The Catacombs of France is a tourist attraction for those who like to add a little spookiness to their vacation activities. The catacombs are literally a burial plot of astronomic proportions. However, they are a burial plot with a rich and fascinating history.
Before Christianity came along, it was common practice to bury the dead outside the city walls. Christianity dictated that the dead should be buried in consecrated ground around churches and this time it was difficult to do so since the areas around the churches were already well built up and there was no space to put in large cemeteries. Those that were available soon became overcrowded and a mass burial plot was opened near the St. Opportune church. This burial plot caused a lot of sanitation problems but was still used even when the ground was saturated with human remains.
Eventually the inner city cemeteries were closed and new ones were opened outside the city limits. Even the long abandoned stone quarries outside the city were pressed into use as burial places. The transfer of the dead to these quarries started in 1786 and finished in 1788. The catacombs hold the remains of around six million people. Land was bought from a local property named "La maison de la Tombe Issoire" and many sets of bones were deposited in the underground caverns in this area along with crosses and urns and other memorabilia.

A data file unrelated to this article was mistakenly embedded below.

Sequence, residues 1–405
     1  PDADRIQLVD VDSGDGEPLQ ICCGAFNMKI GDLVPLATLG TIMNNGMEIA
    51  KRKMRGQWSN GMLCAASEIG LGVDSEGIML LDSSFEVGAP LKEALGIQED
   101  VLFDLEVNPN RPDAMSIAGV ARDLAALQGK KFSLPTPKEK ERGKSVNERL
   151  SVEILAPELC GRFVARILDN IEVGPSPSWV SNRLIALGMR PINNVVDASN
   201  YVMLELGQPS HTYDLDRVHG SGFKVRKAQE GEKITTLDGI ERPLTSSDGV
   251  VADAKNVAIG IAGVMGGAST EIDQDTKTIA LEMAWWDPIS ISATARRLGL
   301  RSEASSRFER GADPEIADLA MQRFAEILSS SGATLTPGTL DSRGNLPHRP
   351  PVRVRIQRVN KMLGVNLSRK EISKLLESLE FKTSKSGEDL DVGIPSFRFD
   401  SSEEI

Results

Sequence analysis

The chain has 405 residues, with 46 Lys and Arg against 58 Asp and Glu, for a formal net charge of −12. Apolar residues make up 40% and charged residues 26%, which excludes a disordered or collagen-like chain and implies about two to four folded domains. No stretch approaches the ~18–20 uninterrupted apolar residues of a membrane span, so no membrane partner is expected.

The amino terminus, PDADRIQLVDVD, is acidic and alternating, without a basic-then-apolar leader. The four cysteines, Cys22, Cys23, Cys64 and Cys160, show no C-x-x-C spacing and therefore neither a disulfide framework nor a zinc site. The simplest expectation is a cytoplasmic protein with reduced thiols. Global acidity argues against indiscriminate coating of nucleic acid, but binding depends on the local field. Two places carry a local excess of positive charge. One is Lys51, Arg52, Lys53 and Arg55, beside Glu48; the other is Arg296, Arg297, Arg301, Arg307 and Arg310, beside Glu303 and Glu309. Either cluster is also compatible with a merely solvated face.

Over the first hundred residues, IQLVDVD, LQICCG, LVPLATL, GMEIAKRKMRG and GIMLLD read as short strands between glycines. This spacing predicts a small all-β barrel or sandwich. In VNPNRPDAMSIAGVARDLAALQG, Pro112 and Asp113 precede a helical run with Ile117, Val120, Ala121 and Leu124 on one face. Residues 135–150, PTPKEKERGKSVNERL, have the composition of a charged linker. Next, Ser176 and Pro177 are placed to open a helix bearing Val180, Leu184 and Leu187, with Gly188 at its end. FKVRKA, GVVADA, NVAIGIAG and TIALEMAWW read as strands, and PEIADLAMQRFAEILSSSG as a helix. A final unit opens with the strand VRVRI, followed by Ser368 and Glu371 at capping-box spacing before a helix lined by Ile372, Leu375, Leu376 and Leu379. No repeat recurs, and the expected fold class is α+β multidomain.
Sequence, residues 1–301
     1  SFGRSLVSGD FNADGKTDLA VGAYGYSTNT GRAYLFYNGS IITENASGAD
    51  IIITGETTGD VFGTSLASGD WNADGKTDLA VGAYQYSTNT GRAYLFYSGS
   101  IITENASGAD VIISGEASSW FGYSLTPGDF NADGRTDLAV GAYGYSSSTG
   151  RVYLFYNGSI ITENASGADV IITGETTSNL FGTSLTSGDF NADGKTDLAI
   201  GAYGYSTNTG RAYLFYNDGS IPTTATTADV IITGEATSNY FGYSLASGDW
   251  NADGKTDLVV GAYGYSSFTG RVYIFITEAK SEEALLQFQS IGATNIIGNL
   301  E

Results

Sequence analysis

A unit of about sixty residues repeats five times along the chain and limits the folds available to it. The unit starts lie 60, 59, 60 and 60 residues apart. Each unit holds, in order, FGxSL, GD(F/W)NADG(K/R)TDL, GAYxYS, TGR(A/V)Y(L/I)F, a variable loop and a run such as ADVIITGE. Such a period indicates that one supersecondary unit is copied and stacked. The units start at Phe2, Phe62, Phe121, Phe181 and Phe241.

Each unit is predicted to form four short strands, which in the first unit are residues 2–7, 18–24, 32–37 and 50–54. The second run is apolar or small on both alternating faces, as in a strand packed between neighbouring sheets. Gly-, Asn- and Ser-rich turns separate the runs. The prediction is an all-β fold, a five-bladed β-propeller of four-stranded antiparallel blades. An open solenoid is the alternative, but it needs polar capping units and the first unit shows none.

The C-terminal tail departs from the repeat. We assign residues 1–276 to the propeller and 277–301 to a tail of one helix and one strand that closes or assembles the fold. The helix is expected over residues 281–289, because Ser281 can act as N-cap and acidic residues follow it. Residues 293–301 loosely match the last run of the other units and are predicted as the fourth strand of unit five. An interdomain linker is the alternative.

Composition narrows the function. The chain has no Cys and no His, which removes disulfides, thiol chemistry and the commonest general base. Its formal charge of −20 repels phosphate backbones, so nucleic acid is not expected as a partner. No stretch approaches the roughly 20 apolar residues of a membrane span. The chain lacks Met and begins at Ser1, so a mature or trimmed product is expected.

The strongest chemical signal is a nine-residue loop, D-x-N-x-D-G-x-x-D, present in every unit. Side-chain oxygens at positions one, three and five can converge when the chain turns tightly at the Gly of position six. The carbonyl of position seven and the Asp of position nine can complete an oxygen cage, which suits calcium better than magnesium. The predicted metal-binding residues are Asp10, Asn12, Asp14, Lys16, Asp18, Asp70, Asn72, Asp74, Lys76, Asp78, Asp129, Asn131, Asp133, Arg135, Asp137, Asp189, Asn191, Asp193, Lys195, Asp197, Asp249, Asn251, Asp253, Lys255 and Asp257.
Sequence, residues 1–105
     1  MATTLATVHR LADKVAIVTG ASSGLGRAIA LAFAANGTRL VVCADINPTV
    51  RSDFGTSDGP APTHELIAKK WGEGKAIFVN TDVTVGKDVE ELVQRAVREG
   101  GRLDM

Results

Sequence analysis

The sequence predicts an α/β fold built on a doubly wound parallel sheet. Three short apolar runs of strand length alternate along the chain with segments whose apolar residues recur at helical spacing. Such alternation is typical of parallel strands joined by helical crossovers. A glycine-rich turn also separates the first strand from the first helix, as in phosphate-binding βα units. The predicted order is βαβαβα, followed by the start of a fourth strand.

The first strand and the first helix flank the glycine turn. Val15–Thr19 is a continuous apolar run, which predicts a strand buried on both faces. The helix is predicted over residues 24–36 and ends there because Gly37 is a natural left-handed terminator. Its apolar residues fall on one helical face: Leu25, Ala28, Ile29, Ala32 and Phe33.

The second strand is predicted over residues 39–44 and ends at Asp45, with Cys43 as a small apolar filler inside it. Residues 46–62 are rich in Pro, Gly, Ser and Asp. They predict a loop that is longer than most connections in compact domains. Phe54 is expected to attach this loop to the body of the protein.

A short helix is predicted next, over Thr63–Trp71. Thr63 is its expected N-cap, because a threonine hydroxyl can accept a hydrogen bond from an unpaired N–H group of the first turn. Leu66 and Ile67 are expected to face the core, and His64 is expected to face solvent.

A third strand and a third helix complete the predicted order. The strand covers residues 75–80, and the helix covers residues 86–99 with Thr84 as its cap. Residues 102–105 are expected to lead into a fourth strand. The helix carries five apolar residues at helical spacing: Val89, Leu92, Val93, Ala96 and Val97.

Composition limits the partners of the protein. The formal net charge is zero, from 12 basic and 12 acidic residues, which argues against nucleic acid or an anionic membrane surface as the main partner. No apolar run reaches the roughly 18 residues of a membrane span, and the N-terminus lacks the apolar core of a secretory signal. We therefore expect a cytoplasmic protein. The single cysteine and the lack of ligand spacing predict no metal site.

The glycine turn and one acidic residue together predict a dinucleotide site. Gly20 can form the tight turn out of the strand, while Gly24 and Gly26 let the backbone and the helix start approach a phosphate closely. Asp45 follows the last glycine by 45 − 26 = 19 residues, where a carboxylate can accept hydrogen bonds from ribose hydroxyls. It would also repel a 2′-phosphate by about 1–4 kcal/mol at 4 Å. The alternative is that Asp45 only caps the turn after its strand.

When you visit the catacombs you will travel down a staircase and then through a long tunnel to find yourself faced with a stone portal inscribed with the words Arrete! C'est ici l'empire de la Mort ('Halt! This is the Empire of the Dead'). It is beyond this stone portal that the tour truly begins. There are halls and walls of carefully arranged bones. Some of the bone arrangements are actually really artistic although they are macabre.
If you plan to visit the Catacombs then you will need to know that the site limits visitors to 200 at one time. There are also no toilets or cloakrooms and it is also good to keep in mind that it will be cooler in the underground passages. It is vital that children who are younger than 14 years of age are accompanied by at least one adult and the parents of young children are advised against bringing their children into the catacombs. If you are not very mobile then you may also want to consider other activities as there are many steps to go up and down. You do not need much time for the actual tour as it is only 2km long (around 45 min) but the queues can get rather long and entries can be stopped to ensure the 200 visitor limit is adhered to.
Nearby attractions: Rue Mouffetard Market
Facts For Your VisitFee: Yes
Open Now: NoHours This Week:
- Monday: Closed
- Tuesday: 10:00 AM – 8:00 PM
- Wednesday: 10:00 AM – 8:00 PM
- Thursday: 10:00 AM – 8:00 PM
- Friday: 10:00 AM – 8:00 PM
- Saturday: 10:00 AM – 8:00 PM
- Sunday: 10:00 AM – 8:00 PM
Address: 1 Avenue du Colonel Henri Rol-Tanguy, 75014 Paris, France
Phone: 01 43 22 47 63
Official Website: Catacombs of Paris
|Metro / RER Line||Nearest Station||Walking Time|
|M4, M6, RER-B||Denfert-Rochereau||1 minute|
How to get to Catacombs of Paris by Metro / RER
By Metro or RER: exit at Denfert-Rochereau Station and look for the small green building (and probably a queue) directly across the street from the station.